Calorie counts on restaurant menus have resulted in customers ordering fewer calories, a new study has found. Orders for calorie-rich entrees and heavyweight appetizers decline when calorie counts are present in restaurant menus.
Researchers from Cornell University carried out a randomized experiment to determine whether calorie counts affected orders.
John Cawley and colleagues found that calorie counts resulted in orders with 45 fewer calories at full-service restaurants. In other words, they ordered 3% fewer calories. Cawley is a professor of policy analysis and management in Cornell University’s College of Human Ecology.
The researchers wrote about their study and findings in the journal National Bureau of Economic Research (citation below).
Calorie counts on menus even influenced people with knowledge about nutrition.
Prof. Cawley said:
“Even if you’re an educated person who eats out a lot and is aware of nutrition, there can still be surprising things in these calorie counts.”
Calorie counts startled chefs
Even the restaurant chefs were startled by how many calories some dishes had. A tomato soup/grilled cheese sandwich combo, for example, has many more calories than most people think.
Regarding chefs’ views on the tomato soup/grilled cheese combo, Alex Susskind said:
“They would have said it was one of the lower-calorie items on the menu.”
Susskind is an associate professor of operations, technology, and information management at Cornell’s School of Hotel Administration.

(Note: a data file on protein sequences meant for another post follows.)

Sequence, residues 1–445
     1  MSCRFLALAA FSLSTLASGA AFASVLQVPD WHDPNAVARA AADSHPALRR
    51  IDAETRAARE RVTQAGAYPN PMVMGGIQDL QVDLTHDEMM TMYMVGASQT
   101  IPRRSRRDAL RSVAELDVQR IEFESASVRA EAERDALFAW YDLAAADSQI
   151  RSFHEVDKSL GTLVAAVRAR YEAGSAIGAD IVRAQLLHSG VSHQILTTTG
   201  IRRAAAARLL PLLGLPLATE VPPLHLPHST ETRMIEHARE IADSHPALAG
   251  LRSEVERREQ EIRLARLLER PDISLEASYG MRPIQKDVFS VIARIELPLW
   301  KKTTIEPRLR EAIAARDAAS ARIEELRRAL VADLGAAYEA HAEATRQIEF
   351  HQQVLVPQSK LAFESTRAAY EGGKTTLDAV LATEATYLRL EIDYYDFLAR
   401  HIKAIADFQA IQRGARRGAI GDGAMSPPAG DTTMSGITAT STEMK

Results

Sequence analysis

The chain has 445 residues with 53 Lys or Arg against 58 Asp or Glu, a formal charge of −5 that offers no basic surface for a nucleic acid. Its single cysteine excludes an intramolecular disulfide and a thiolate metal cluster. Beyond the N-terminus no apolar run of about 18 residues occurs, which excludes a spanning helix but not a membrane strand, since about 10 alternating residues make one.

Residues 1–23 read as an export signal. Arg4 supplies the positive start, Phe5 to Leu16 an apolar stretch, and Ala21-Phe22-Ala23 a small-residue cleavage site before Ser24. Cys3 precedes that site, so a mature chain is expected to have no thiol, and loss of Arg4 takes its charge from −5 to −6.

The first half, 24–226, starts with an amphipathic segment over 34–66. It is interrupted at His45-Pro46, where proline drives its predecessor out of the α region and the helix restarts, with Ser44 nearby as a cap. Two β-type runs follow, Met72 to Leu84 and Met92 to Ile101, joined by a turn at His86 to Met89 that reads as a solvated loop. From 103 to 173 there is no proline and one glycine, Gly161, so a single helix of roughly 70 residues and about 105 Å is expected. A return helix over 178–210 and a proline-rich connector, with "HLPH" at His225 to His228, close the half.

Barton Willage, an assistant professor of economics at Louisiana State University, was also co-author and a member of the research team. Prof. Willage earned his Ph.D. at Cornell University.
Americans unaware of their calorie intake
The majority of Americans do not have a precise estimate of how many calories they consume each day. This is because one-third of the food they eat is not prepared at home.
Also, America’s obesity crisis has reached epidemic proportions. Over the past five decades, the prevalence of obesity in adults in the country has almost tripled. In 2016, almost forty percent of American adults were obese.
Legislation requiring calorie counts
Subsequently, many states, counties, and cities in the US have passed legislation requiring calorie counts on restaurant menus.
Since May 2018, chain restaurants with 20+ units must post calories on menus and menu boards. This requirement, which applies nationwide, is part of the Affordable Care Act of 2010.
The researchers wanted to determine how this law affected consumer behavior in restaurants. They carried out a randomized field experiment in two full-service restaurants.
There were two groups of diners; the control group and the calorie counts group. The control group had menus without calorie counts on them. The calorie counts group, on the other hand, had calorie information on each dish on their menus.
At the end of each meal, participants had to complete a survey. The survey gathered sociodemographic information as well as people’s attitudes toward exercise and diet.
The researchers gathered and analyzed data on 5,550 diners.
Most people welcomed the calorie counts
The researchers also found that the customers valued the calorie information. Most members of both groups supported have menus with calorie counts. Exposure to menus with calorie counts increased support by almost ten percent.
Prof. Cawley said: “It’s clear that people value this information.”
Restaurants reported no downside to having calorie information on their menus. Their revenue and profit remained the same. Their labor costs also remained the same.
In a different study, researchers at the University of Surrey in England found that changes in meal times can reduce body fat.
“The Impact of Information Disclosure on Consumer Behavior: Evidence from a Randomized Field Experiment of Calorie Labels on Restaurant Menus,” John Cawley, Alex Susskind, and Barton Willage. National Bureau of Economic Research Working Paper No. 24889, Issued in August 2018. DOI: 10.3386/w24889.